Frank: Coronavirus Could Cause NEW Education Dynamic

Government education will not look the same when schools open in the Fall.  The Internet will be bigger in the education process.  Teachers that use the classroom for indoctrination will be held to account—no more hate and bigotry, denouncements of the President in math classes—or other classes by the “adults” in the room.  Watch as parents demand homeschooling, charter schools and the end of union control of our children’s education.  Wishful thinking?  Maybe not.

“As you know, many of the school bonds on the March 3 ballot failed.  The biggest was Prop. 13, the $26 billion (principal plus interest) measure to help developers and to expand brick and mortar.  Now with the advent of 5G Internet speed and technology, we no longer need to expand buildings—we need to get more broadband instead.  This is cheaper and stops unneeded car trips, buses and trains.  Moreover, money saved on those would easily finance the expansion of broadband technology and 5G.

In fact the State of California, under Gov. Brown, created an online community college—cost affective, save commute time and with the same quality of education as in a physical classroom.  Why not expand the courses available online, when the virus threat is over?

Even before the virus crisis, Californians voted against the government schools.  By their vote they told the unions they do not trust the educrats to teach or spend money.   Will this revolution continue in the Fall?  We have to make it so.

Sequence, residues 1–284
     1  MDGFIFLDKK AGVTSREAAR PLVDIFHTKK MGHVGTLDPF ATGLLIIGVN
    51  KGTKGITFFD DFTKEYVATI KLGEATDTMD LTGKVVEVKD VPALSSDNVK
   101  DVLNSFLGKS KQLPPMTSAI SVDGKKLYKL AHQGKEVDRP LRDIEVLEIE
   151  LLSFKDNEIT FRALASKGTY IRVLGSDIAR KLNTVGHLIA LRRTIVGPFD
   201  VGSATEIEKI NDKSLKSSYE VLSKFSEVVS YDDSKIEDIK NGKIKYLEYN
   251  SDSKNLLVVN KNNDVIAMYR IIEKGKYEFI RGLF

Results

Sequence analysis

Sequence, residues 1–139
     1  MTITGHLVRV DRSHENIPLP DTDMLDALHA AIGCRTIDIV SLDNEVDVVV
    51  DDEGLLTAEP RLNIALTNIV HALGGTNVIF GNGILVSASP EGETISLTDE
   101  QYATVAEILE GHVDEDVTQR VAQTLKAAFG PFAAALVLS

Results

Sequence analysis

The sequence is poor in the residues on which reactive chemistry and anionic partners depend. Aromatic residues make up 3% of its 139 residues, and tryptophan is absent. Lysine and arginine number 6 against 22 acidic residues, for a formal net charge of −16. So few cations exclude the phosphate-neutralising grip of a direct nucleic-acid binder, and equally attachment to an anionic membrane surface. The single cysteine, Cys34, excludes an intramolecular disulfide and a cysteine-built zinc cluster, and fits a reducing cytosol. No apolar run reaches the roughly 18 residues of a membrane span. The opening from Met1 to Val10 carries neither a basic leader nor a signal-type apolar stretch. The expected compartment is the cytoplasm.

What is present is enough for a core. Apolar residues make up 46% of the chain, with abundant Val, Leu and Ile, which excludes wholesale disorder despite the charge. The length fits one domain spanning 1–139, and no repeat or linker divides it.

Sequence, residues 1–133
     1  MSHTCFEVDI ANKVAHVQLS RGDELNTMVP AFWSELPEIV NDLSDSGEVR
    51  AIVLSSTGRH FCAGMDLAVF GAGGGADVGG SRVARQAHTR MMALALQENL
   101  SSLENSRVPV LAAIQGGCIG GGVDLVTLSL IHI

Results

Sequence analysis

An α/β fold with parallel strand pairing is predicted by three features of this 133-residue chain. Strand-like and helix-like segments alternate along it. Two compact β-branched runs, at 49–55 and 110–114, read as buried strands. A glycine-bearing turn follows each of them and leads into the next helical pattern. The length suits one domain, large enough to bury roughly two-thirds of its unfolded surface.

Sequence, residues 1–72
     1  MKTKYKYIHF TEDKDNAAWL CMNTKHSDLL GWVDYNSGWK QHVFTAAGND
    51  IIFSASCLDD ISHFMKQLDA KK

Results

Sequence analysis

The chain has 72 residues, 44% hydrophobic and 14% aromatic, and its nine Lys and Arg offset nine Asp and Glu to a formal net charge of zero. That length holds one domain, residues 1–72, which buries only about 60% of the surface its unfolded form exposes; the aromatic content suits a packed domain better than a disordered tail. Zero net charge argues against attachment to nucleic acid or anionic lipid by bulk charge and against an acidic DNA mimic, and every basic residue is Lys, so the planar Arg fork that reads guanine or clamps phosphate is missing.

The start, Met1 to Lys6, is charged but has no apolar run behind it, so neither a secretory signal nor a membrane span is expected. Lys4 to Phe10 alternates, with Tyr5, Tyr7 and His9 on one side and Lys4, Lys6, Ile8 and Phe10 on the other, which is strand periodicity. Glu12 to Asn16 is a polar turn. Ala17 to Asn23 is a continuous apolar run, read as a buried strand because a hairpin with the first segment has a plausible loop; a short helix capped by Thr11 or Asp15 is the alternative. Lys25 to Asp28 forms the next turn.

Coronavirus Could Cause NEW Education Dynamic by Stephen Frank

Stephen Frank, California Political News and Views,  4/7/20 

Usually trends and cultural changes take years and decades to catch the golden ring.  In 1969 the Army was first on the Internet, but it took more than twenty years for the commercial, public use of the new medium to take hold.  Fifty years later, there is no way for us to live without the Internet. 

In July, 1995 Amazon was on the Internet—selling books.  Twenty five years later you can buy books, toilet paper and cars, around the world from Amazon.  It is killing brick and mortar retail shops, large and small.

In 1985 Blockbuster opened its first store, in Dallas, Texas.  The rental of videos created many other firms, made lots of money for early investors.  On a Saturday afternoon you could find your neighbors at Blockbuster, choosing movies to see for the weekend—for you, your spouse and your kids.  By 2005 the business was dying and cable TV, and DVR’s replaced the rental of movies.  This trend lasted about twenty years.  It came, it conquered, and it disappeared.

Fox News was launched in 1996 and changed the news business forever. But CNN was on the air in 1980 and started the trend of cable news.  Fox was started and the competition created a whole new information industry.

All of these aforementioned companies created new industries and a new way to look at the marketing of a product.  We will not be going back to the days before Amazon or Fox/CNN.  We will improve on them, but end them?  Not for decades until a new technique can be used.